Egyptian Judge Mohamed Al Zind speaks about his opposition to Morsy's decrees.
An analyst of the Middle East discusses America's perspective on Morsy's decrees.
A former adviser to Egyptian President Mohamed Morsy defends the edicts as the only option to building a democracy.
By Samuel Burke, CNN
A former aide to Egyptian President Mohamed Morsy said that no concession had been reached between Morsy and the country’s judges, despite a meeting Monday that appeared to have resulted in an agreement between the two sides.
“It’s not a compromise – it’s a clarification,” Jihad Haddad told CNN’s Christiane Amanpour on Monday.
Just days after Morsy received international acclaim for helping to broker a truce between Israel and Gaza militants, the Islamist leader has triggered angry demonstrations for an edict, issued Thursday, that effectively allows him to rule the country unchecked by the judicial system, for the next six months, or until a new constitution is finalized.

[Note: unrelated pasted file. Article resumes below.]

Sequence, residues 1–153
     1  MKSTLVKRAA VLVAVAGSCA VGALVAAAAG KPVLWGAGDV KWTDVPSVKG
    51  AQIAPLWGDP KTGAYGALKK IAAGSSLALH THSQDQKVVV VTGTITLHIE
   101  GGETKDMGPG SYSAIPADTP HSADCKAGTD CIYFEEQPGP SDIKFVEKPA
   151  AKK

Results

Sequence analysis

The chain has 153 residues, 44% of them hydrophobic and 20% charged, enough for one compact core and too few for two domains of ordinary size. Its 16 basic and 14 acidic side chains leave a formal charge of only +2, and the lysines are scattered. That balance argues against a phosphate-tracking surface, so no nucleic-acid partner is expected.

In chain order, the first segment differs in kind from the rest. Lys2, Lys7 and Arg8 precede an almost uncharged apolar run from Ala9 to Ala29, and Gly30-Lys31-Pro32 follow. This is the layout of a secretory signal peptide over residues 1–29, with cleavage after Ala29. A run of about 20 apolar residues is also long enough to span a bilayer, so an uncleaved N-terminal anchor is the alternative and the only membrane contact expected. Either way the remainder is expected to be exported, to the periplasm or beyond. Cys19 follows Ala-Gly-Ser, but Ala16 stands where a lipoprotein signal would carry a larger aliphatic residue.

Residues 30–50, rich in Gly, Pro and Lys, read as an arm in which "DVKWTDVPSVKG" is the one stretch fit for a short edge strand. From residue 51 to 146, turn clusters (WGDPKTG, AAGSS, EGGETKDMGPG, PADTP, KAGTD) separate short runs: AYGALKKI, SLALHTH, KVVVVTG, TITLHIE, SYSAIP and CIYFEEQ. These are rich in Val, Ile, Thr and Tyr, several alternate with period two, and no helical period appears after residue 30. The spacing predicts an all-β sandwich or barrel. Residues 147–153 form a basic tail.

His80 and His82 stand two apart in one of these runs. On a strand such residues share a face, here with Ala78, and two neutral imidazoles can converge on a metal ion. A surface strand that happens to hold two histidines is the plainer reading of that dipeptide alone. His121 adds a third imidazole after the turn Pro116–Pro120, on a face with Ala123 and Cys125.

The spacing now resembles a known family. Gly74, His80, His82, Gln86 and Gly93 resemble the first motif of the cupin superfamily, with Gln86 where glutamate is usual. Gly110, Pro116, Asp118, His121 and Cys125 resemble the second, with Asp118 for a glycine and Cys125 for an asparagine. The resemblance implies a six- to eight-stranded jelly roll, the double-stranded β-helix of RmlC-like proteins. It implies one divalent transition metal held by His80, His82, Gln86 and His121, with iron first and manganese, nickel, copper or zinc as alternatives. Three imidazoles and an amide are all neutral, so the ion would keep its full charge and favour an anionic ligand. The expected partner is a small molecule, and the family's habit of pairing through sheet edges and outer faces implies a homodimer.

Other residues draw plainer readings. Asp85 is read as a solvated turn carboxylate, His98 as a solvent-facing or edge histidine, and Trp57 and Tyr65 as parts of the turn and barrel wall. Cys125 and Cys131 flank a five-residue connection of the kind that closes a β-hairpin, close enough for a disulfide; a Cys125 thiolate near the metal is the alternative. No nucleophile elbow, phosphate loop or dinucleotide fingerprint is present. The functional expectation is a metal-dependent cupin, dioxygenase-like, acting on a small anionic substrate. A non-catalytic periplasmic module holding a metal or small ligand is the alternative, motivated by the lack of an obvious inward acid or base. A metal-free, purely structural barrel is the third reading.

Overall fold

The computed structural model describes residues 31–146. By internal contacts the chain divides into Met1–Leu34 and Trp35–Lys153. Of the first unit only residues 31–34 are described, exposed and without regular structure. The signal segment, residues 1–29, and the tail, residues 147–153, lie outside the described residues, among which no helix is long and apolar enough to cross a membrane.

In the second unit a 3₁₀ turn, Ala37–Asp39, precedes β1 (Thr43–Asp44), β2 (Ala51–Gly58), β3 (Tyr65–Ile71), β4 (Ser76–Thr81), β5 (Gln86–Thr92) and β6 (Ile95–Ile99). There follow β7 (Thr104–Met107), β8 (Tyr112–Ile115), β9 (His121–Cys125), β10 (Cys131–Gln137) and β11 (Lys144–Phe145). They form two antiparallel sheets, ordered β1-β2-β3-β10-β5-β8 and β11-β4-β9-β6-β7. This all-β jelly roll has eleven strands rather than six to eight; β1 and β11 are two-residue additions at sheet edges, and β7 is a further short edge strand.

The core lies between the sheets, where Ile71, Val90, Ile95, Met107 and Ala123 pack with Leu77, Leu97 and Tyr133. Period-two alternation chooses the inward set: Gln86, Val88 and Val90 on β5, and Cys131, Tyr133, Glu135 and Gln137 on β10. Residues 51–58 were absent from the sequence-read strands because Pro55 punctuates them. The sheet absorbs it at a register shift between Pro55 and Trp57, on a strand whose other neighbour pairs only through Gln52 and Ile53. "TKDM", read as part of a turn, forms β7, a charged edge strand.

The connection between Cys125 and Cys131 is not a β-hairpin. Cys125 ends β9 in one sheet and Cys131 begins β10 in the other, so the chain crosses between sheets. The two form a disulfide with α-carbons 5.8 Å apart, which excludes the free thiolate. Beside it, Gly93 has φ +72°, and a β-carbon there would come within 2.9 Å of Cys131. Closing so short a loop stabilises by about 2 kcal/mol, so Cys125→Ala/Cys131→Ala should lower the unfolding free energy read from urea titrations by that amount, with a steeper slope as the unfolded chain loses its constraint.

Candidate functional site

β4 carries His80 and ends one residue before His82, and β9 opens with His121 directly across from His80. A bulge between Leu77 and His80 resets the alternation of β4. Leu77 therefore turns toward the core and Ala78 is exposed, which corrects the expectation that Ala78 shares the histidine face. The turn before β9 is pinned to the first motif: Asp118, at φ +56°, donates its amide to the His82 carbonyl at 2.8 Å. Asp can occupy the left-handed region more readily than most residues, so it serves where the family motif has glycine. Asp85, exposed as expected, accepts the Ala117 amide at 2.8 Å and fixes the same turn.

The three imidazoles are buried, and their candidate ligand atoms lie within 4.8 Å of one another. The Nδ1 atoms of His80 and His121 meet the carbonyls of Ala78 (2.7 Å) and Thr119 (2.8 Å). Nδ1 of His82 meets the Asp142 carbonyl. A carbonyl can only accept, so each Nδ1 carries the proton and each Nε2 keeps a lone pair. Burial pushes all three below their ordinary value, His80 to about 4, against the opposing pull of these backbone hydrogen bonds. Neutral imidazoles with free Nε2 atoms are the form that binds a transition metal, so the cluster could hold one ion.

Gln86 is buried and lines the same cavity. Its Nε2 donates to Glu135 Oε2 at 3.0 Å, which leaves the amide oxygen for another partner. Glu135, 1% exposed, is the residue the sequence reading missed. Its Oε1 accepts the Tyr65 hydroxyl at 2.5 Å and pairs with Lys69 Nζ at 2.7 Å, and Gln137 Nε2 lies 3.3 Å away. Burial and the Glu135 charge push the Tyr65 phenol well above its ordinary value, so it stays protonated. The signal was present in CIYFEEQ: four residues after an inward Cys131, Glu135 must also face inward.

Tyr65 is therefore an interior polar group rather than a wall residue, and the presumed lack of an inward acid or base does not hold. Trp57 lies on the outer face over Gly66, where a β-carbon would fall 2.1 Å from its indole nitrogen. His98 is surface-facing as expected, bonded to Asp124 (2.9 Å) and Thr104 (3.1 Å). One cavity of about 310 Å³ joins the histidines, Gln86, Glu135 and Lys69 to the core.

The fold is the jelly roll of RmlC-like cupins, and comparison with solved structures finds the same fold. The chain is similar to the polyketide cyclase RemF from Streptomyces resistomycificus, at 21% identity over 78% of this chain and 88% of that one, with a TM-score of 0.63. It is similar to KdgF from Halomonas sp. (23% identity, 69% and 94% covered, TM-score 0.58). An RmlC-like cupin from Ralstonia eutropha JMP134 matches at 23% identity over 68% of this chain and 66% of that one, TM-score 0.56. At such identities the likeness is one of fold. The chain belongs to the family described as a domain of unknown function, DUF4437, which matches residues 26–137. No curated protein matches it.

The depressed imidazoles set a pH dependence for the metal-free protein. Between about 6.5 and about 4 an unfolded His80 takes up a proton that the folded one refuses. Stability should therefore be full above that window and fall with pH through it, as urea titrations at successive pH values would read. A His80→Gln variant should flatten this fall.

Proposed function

Haddad insisted that Morsy has tried to compromise with the judiciary, even looking for a “dignified way of promoting [the Prosecutor General] out of office,” but Morsy has been met with opposition from judges who are Mubarak appointees and loyalists. FULL POST